being a mom

Post-Pregnancy Selfies Are The Ultimate Humble Brag

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Thanks to a little thing called Instagram, selfies have become big among the kids these days. Who am I kidding? Selfies are big with almost anyone that has a pulse and an Instagram account, including babies and grandmas. There’s even such a thing as the Selfie Olympics with the most RIDIC selfies you ever will see. If you’re up for a selfie challenge, strap a mattress onto your back, squeeze into your tiny bathroom, and give it a go.

For some reason, I’m not one for selfies. I have an Instagram account, but I use it to shamelessly post pictures of my kids because I like the lenses, and I don’t want to clog up my Facebook feed. I’ve never taken a selfie. Sure, I have pictures of myself that I use for my Facebook profile, but they are pictures that other people have taken of me doing something random, like attempting to drink a yard of beer gracefully.

I’ve also had two kids and have worked hard to stay in good shape. Go, me. You think I would be a candidate for the epidemic of post-pregnancy fitness selfies going around, but I’m not. IMHO, a post-pregnancy selfie shared with thousands of Instagram followers is the utmost in humble brags.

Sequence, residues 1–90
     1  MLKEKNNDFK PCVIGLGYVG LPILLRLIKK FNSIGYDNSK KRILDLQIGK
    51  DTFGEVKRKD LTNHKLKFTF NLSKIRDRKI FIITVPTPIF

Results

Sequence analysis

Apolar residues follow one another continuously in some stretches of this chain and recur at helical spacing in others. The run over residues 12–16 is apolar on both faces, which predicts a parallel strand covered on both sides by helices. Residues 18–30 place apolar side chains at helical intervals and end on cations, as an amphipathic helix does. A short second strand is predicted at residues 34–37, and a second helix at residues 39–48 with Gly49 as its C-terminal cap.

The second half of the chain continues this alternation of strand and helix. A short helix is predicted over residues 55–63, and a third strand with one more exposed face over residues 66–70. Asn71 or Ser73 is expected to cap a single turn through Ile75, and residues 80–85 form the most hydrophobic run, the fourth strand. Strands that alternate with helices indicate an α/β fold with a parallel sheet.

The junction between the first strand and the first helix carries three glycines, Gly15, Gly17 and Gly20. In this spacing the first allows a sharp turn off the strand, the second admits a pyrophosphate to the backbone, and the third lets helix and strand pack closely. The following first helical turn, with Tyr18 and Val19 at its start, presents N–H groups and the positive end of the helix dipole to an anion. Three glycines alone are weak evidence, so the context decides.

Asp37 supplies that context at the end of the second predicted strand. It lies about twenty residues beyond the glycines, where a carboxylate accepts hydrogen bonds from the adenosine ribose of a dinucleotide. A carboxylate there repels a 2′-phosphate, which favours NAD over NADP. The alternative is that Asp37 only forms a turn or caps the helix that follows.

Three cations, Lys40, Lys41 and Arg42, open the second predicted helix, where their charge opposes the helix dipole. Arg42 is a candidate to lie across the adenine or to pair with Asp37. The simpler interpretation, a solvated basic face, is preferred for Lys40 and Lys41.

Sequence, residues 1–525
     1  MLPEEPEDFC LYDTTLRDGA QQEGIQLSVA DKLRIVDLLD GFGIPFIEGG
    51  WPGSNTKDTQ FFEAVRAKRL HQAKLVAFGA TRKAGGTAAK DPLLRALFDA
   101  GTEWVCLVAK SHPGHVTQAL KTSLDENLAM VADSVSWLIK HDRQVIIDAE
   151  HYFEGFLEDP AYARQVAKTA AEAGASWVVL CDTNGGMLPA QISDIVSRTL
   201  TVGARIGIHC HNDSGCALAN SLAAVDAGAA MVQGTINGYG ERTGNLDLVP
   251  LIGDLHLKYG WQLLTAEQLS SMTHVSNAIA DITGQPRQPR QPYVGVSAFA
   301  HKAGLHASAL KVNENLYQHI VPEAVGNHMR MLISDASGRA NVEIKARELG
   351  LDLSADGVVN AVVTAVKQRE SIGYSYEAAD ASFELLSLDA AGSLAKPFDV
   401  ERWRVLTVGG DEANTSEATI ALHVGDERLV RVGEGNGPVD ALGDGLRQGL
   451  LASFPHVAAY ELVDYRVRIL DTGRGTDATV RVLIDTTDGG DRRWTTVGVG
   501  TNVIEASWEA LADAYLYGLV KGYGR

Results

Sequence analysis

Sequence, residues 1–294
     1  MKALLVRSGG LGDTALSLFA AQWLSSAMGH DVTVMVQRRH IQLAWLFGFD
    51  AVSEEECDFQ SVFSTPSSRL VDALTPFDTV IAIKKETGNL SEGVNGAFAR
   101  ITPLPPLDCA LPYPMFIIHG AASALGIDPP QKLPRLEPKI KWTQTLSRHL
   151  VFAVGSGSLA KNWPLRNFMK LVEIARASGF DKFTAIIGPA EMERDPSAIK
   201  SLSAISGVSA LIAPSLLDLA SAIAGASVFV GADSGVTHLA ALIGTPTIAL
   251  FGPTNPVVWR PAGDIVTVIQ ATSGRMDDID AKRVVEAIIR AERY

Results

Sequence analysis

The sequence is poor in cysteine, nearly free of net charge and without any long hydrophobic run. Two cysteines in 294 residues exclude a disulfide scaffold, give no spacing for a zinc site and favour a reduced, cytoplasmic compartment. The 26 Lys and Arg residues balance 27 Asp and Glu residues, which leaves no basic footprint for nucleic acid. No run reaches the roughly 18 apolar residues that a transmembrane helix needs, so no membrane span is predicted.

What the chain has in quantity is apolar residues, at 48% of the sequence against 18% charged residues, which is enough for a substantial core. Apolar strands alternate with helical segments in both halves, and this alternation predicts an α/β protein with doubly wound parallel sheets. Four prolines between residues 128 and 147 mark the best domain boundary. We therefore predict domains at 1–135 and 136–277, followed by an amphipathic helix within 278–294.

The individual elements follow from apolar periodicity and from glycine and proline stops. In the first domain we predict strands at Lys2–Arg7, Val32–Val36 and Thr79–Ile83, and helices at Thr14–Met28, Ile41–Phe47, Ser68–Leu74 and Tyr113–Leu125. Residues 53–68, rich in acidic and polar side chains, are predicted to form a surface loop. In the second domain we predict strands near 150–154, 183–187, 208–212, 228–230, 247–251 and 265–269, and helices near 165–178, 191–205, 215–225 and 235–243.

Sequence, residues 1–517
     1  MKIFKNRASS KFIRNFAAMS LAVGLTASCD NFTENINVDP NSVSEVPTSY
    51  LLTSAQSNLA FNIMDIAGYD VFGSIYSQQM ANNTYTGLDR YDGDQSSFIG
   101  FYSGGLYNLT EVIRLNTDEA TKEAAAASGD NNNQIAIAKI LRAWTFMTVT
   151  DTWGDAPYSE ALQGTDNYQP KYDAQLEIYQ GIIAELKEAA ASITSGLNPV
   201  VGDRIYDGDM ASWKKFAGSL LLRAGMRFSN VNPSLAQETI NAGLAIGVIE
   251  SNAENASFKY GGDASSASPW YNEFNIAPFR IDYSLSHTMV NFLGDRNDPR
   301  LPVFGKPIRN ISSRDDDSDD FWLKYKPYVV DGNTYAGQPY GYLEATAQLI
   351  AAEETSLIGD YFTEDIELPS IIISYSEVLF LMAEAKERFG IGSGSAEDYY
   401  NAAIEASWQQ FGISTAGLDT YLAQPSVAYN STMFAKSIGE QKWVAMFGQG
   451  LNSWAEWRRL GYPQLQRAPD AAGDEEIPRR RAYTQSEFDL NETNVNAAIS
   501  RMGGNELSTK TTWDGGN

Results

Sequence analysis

Some post-pregnancy selfie moms have received flak for it, like Caroline Berg Eriksen and Maria Kang. Eriksen posted a fairly controversial postpartum sexy selfie to Instagram just four days after giving birth. Granted, she has a fitness blog, so looking super-amazing-tastic after popping out a baby is her job. But I’ve seen the same behavior from other women on my Facebook and Instagram feeds.

Technically, Kang’s viral “What’s Your Excuse?” photo taken with her three kids was not a selfie, though she has posted plenty of other ripped selfies to social media. Kang recently sent us her 2014 Fit Mom Swimsuit Calendar to review. While I have to admit that the before and after mom transformations on each month are impressive and the calendar is chock-full of mom-friendly exercise and diet tips, it doesn’t make me love Kang’s braggy viral pic any more.


On the one hand, this selfie phenomenon seems like a great self-esteem booster for a woman that is proud of her body after giving birth. Good for her. It’s a free world, and you can post any kind of selfie you want to your Instagram account. But I don’t have to like it.

I’m not a fan of post-pregnancy selfie humble bragging in any way, shape, or form. Whether you post an actual selfie of your six-pack abs after giving birth or casually humble brag about leaving the hospital weighing less than you did before you got pregnant, I just don’t see the point. Getting back to pre-baby weight is entirely personal, and most moms I know are already frustrated enough about it. Social media humble bragging doesn’t help.